Whilst many schools will tend to see similar patterns year on year, circumstances for individual schools can change sharply, as can be seen from the Individual Schools tables, with some examples below.

Grammar School Appeals
Whilst there is a set academic standard for the Kent and Medway Tests, Independent Appeal Panels will set their own standard, which can vary according to pressure on places, space available and school expectations. Where KCC is the administration body, I have not been provided with a breakdown of appeals upheld between children who have previously been found selective and are appealing because the school is full, and those who have been found non-selective who may be appealing on both grounds. Such appeals are organised by the KCC Legal and Democratic Services Department, independent of education. For other grammar appeals, I have been supplied with a breakdown of outcomes for both groups of children.
East Kent
Just two schools heavily oversubscribed: Simon Langton Boys upheld its traditional 7/8 cases all of whom were previously selective. Queen Elizabeth’s has a different pattern, with around half of those appeals which were upheld being initially non-selective.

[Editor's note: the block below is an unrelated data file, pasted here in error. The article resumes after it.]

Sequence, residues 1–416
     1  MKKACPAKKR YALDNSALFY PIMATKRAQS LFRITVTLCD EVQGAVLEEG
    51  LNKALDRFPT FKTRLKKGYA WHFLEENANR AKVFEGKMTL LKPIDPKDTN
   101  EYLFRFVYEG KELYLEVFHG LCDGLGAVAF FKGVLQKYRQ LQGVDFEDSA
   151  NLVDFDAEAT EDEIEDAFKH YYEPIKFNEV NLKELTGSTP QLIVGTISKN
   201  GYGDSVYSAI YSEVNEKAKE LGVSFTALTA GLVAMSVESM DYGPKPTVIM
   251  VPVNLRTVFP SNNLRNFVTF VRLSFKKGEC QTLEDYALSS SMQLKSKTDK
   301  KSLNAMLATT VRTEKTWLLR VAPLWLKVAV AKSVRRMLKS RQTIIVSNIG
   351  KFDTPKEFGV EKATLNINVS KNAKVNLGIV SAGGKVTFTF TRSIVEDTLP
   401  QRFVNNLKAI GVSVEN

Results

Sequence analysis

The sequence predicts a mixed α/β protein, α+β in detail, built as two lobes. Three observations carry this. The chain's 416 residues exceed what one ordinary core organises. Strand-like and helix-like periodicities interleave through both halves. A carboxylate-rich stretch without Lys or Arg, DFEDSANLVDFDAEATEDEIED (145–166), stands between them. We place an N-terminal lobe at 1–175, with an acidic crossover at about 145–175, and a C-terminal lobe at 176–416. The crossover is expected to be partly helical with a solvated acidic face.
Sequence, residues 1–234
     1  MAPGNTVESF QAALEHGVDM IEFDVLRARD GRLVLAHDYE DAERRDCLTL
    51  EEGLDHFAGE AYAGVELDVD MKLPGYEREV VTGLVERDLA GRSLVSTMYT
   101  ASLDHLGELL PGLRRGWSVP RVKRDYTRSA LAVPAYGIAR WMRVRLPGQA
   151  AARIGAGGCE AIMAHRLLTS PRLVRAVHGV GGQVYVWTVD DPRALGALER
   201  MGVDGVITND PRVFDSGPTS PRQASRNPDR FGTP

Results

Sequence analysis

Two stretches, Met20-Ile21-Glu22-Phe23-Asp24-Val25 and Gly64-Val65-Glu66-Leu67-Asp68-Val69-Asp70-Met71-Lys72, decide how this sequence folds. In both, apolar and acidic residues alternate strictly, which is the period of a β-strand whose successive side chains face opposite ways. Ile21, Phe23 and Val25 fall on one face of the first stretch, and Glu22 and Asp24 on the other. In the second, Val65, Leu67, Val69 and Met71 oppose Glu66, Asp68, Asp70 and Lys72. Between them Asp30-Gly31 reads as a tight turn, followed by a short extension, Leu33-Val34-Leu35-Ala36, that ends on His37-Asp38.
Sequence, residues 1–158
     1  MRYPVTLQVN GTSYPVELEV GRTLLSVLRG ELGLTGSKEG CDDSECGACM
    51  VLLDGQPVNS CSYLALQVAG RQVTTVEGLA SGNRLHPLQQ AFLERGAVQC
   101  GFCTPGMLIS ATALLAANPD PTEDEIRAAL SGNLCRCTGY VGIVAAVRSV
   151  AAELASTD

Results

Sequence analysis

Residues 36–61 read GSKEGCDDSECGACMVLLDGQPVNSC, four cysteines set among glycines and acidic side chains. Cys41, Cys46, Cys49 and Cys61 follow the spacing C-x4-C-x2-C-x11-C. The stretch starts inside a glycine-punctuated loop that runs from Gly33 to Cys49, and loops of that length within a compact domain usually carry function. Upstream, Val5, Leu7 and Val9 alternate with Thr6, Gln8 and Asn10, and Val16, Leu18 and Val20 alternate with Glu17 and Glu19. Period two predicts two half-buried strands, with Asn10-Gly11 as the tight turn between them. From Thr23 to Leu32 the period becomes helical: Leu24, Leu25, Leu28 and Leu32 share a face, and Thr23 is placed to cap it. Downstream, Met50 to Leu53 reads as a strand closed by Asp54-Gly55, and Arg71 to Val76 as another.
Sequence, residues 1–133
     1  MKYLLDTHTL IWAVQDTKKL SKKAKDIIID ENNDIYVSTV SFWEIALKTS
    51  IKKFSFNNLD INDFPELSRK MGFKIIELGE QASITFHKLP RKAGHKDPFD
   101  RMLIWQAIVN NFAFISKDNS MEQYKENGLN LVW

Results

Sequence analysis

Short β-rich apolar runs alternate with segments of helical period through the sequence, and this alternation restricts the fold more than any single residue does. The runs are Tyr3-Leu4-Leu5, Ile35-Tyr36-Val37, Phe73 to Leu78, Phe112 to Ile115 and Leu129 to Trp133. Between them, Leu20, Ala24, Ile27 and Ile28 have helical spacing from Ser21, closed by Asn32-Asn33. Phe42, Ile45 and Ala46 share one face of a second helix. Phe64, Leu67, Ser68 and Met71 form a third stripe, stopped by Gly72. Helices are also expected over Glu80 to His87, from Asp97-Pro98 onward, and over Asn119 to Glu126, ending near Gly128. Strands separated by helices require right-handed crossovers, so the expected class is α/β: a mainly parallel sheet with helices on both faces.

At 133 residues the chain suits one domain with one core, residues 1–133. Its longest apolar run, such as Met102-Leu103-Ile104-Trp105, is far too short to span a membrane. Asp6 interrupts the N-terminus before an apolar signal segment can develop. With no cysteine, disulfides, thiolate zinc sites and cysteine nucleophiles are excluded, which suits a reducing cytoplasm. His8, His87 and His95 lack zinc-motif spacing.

In Thanet, there was controversy as the head of Dane Court attacked Chatham and Clarendon in the media alleging that they (as do some other grammar and non-selective schools) took on a large number of additional pupils through the appeal process to boost finances. This follows a decision by C&C to get rid of the previous Independent Panel after the 2015 appeals because they were not upholding enough appeals. KCC Panels have ever since been more obliging, as can be seen from the data, with 54 out of 82 appeals being upheld. This has also created concern amongst other local schools; primaries, as they see what they regard as clearly non-selective children being assessed grammar, and non-selective schools being raided of their more promising pupils. Dane Court itself saw a fall in its rate of appeals upheld to 11%.

Similar concerns have been expressed in Canterbury about Simon Langton Girls, which has suffered a fall in popularity following recent controversy, although this year the success rate fell to 64% from 2017’s sky high 82%, all initially non-selective. The heavily oversubscribed Simon Langton Boys operates an opposite policy, with the Independent Panel upholding 7 or 8 appeals each year almost always, as in 2018, from boys previously found selective. The mixed Barton Court having previously been generous with its appeals to boost numbers has now reached capacity so just 7 appeals, 6 from pupils already selective were upheld.

Dover Grammar Girls and Highsted Grammar (girls) continue to see a high rate of success, although Harvey Grammar fell sharply to 10%. Other schools were all below the county pass rate of 30%, including Borden where some appellants, although being found of grammar school ability by the Panel, were placed on the waiting list. 

Mid Kent